Sen. John Putney, R-Gladbrook, is making his last bid to save summer, or at least the last fleeting days of summer vacation.
Putney, who is retiring, makes an annual attempt to stop Iowa schools from starting a new school year before Aug. 25. This week he succeeded in adding the requirement to a broader education bill on a 34-14 vote. It would not apply to year-round schools.
Iowa law already requires schools to wait until after Sept. 1 to start classes, but that law also allows the Department of Education to grant waivers to districts wishing to start earlier. The department granted waivers to 353 out of 364 districts last year, so essentially, the Sept. 1 law is moot.
Department officials say local officials should set their own calendars, not the state. But Putney argues that earlier and earlier start dates are eating into family vacations and taking money from Iowa’s tourism industry. It’s worth noting that Putney runs the Iowa State Fair Blue Ribbon Foundation, which raises money for the mid-August fair.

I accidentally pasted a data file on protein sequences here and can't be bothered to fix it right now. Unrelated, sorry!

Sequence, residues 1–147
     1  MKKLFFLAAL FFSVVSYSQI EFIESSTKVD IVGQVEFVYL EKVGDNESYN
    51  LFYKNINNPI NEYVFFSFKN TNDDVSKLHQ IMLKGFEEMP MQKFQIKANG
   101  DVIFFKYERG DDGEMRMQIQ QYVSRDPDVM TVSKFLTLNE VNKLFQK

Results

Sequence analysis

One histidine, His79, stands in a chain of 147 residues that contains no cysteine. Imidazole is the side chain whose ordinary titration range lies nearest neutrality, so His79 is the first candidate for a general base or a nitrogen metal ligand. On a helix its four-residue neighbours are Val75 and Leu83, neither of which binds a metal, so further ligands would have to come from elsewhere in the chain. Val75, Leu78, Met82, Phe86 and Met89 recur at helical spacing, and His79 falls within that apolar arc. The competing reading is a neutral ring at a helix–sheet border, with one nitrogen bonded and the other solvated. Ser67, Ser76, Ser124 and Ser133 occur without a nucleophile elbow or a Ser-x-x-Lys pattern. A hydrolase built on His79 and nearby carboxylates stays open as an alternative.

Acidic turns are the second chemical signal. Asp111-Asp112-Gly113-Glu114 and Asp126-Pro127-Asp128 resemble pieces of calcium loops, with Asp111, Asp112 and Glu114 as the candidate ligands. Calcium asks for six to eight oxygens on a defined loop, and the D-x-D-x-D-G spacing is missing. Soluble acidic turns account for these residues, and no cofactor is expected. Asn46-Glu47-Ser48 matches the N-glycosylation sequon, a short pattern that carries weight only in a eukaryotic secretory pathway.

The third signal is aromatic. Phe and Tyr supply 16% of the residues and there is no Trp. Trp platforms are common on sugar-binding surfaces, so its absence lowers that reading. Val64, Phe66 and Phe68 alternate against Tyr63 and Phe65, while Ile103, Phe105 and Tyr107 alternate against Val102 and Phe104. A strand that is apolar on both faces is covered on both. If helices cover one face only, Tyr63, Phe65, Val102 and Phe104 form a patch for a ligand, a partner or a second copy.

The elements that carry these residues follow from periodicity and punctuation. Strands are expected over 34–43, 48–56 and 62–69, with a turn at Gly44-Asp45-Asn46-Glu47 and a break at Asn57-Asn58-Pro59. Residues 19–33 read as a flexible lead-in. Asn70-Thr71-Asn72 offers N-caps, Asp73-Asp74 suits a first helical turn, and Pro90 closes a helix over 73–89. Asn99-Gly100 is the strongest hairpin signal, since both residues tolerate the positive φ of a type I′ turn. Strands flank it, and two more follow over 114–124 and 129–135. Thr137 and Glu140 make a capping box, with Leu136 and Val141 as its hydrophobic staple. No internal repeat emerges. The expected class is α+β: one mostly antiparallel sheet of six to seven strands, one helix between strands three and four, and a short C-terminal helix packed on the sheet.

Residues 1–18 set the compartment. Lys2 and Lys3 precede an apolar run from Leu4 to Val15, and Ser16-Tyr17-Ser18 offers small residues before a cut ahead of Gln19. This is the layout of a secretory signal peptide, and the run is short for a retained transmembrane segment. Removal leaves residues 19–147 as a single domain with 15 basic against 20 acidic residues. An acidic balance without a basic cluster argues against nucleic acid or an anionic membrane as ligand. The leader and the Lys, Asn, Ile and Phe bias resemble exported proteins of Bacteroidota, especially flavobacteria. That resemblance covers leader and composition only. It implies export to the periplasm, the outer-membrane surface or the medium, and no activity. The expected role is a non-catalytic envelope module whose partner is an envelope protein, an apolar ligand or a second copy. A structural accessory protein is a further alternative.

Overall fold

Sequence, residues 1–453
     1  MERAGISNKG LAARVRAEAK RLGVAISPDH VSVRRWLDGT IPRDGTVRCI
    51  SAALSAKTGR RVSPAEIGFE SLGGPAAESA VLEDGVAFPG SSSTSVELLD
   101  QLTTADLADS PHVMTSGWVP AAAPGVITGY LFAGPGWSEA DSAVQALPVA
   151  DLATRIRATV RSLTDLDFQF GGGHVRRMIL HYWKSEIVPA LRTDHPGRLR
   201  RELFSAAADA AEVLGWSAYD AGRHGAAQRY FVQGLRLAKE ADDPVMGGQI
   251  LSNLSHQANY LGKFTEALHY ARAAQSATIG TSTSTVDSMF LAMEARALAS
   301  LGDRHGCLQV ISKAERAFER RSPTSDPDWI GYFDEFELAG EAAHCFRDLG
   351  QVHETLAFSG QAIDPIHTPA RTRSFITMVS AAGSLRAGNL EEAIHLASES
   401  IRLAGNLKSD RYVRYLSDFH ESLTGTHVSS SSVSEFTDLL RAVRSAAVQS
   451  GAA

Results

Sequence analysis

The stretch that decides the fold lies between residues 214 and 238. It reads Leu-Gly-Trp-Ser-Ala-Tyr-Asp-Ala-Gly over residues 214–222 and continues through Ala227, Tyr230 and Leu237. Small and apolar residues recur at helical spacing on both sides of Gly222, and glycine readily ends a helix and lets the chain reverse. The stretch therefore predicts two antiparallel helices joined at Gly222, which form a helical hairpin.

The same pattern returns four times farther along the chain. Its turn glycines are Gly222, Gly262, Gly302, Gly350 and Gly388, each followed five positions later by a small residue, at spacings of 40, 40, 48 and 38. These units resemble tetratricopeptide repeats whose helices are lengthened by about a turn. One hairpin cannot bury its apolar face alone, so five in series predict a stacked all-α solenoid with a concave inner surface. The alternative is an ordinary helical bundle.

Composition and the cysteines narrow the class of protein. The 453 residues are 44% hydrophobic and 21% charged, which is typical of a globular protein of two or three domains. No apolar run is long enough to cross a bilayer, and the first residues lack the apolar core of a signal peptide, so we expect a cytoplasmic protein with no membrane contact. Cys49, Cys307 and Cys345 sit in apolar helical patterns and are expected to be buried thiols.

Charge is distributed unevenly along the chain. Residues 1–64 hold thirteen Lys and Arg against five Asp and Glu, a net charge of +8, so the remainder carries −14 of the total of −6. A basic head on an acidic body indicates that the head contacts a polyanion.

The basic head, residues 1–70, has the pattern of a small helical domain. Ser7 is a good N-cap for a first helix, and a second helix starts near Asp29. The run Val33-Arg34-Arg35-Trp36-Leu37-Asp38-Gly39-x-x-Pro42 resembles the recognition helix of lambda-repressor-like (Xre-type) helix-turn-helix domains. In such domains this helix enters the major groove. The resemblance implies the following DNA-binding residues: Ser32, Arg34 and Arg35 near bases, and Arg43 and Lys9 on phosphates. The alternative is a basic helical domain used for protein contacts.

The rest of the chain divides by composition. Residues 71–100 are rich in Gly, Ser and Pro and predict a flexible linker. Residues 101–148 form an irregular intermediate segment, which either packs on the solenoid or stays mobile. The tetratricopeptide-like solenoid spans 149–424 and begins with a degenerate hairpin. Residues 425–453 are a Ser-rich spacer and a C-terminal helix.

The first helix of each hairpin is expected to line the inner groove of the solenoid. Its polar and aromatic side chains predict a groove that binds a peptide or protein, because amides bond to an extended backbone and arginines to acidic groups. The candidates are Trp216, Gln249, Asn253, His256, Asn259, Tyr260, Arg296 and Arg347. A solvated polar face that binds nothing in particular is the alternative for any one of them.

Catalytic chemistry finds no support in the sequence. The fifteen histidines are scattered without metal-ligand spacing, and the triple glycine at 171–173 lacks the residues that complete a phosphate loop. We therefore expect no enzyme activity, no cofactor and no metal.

Kids shouldn’t start making plans for extra summer days just yet. Putney has previously succeeded in convincing the Senate to adopt his idea, only to watch the House strip his summer extenstion from the bill. That may happen again this time, and Putney won’t be back next year to try again.
The 12-year-old in me that remembers the joys of summer vacation, especially those untethered late summer days post-detasseling and after baseball season, likes Putney’s idea. But with the state taking more and more control of the way schools operate, you can’t blame the department for throwing locals a bone.
Also, longer school years are in the future, there’s no getting around it. Students are going to face more and more pressure to compete with countries where kids attend classes for more hours during the day and more days each year. Like it or not, the trends are making childhood a full-time job.
Summer vacation as we know it will be a casualty of that trend. I, for one, will be sad to see it go.